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I am new to grails.I am doing web application that uploads the image from client side and it stores that in server.

My Gsp code is:

<g:uploadForm action="saveImage">
<input type="file" name="image"> 
<input type="submit" value="Submit">

My saveImage action in controller is:

def saveImage={
def file = request.getFile('image')
        if (file && !file.empty) {
            file.transferTo(new java.io.File("image.jpg"))
            flash.message = 'Image uploaded'
            redirect(action: 'uploadImage')

In this code if i upload some other files like text files it throws Exception.For that i want to check the file Extension and I want to use If loop that ensures the uploaded file is image file or not.But i dont know how to find the file extension in grails.

Is there any other way to upload images in grails application.It has to accept only image files.

can anyone provide help?


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up vote 7 down vote accepted

I dont know the following answer is a right way to find the extension of the file.I am also new to this.But this answer is working

Use file.getOriginalFilename() method.It returns a string like "test.jpg".Then you split the filename using tokenize method by ".".Then you take the last string element from the splitted list.That is extension of the file.Now you can do the remaining process.

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Getting file extension from file.getOriginalFilename() works good.I think that is the better way.

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if(params?.photo?.getContentType()=='image/jpeg' ||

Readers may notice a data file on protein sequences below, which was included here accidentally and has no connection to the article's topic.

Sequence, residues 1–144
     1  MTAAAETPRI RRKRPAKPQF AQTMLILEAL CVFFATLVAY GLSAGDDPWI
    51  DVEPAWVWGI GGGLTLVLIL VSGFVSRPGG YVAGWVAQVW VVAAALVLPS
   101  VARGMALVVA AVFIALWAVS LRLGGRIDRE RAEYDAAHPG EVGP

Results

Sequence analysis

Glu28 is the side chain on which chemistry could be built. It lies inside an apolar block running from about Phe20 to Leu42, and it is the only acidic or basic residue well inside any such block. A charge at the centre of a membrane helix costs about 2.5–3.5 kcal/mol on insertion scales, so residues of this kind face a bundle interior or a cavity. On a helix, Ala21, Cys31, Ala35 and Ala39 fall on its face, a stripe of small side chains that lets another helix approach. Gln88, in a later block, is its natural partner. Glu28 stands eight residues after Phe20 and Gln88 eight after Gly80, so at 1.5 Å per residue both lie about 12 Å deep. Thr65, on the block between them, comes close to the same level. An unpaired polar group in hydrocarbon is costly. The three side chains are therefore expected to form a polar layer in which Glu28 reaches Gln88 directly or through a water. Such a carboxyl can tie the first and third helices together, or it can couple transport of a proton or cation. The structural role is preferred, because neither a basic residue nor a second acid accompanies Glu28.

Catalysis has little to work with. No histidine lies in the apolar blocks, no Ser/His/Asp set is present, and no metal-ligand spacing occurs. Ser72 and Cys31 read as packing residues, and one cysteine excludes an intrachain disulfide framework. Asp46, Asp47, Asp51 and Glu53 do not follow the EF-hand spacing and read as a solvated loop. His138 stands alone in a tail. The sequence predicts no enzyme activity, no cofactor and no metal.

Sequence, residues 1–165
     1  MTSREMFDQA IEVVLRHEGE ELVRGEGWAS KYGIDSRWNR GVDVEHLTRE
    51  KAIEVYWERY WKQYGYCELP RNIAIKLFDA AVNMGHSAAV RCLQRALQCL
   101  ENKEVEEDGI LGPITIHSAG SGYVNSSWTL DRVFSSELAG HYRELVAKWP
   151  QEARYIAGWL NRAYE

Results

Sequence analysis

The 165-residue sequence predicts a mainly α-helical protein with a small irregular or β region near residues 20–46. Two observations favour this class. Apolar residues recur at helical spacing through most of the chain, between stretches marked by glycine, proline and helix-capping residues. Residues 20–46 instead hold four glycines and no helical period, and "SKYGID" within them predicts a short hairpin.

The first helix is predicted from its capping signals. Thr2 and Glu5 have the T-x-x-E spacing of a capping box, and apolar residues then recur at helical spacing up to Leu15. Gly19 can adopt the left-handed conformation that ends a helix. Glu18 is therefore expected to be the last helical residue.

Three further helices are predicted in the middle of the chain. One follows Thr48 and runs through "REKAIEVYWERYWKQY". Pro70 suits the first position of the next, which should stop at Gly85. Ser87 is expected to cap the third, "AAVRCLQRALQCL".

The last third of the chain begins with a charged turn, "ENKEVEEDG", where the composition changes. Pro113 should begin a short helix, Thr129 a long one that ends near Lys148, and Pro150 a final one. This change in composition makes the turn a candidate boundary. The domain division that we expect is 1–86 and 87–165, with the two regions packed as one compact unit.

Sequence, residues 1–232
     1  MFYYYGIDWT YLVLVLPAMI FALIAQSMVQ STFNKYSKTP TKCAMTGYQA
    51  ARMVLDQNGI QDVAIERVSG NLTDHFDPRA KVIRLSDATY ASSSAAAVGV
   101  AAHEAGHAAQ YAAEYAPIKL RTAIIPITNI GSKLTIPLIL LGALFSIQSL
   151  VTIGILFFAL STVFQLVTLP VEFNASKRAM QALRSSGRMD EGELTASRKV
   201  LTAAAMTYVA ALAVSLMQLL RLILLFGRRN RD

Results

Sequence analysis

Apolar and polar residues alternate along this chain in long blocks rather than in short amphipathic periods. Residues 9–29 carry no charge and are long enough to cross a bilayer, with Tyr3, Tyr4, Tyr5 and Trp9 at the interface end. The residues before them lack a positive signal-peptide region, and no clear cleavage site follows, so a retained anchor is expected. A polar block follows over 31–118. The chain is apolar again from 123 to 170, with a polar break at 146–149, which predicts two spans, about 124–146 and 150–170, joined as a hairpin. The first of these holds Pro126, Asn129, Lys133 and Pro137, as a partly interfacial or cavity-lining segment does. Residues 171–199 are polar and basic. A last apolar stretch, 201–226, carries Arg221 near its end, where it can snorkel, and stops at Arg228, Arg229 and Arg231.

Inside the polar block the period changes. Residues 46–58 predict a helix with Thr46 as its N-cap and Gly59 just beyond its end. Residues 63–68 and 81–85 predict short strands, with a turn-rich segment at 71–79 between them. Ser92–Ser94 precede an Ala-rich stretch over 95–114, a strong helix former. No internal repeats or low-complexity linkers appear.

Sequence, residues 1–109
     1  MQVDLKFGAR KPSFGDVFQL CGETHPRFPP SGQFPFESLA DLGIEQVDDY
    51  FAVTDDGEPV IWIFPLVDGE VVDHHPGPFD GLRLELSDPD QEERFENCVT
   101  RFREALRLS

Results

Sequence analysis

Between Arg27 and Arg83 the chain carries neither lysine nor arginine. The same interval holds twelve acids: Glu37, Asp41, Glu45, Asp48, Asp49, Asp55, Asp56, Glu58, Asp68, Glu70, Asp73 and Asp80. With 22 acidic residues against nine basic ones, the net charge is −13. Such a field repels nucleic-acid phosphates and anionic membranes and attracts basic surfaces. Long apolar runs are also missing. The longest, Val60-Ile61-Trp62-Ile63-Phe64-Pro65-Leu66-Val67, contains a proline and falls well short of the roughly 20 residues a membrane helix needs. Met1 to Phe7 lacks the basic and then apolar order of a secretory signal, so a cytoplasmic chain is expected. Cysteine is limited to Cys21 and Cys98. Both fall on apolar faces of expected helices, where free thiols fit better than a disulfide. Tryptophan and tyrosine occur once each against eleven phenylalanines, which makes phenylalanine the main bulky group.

params?.photo?.getContentType()=='image/gif' ||
   params?.photo?.getContentType()=='image/png' || 

I think you can try this

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There is a small problem with file.getContentType(). The way Windows and other systems handle it differ.

For example a .csv file will be text/plain in other systems, but application/vnd.ms-excel on Windows.

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Okay, this is really late. But what I found the best solutions (as extensions don't really say something about the content) was to use file.getContentType() ...

E.g., for jpeg images the return value will be a string image/jpeg that you can easily test. Same for other file formats (png, gif, ...).

Hope this helps.

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Just noticed that @Sree had the same suggestion ... was so hard to read, that I didn't see it at first. – fluxon Mar 1 '12 at 10:29

You can use Files.probeContentType(filePath) to determine file type

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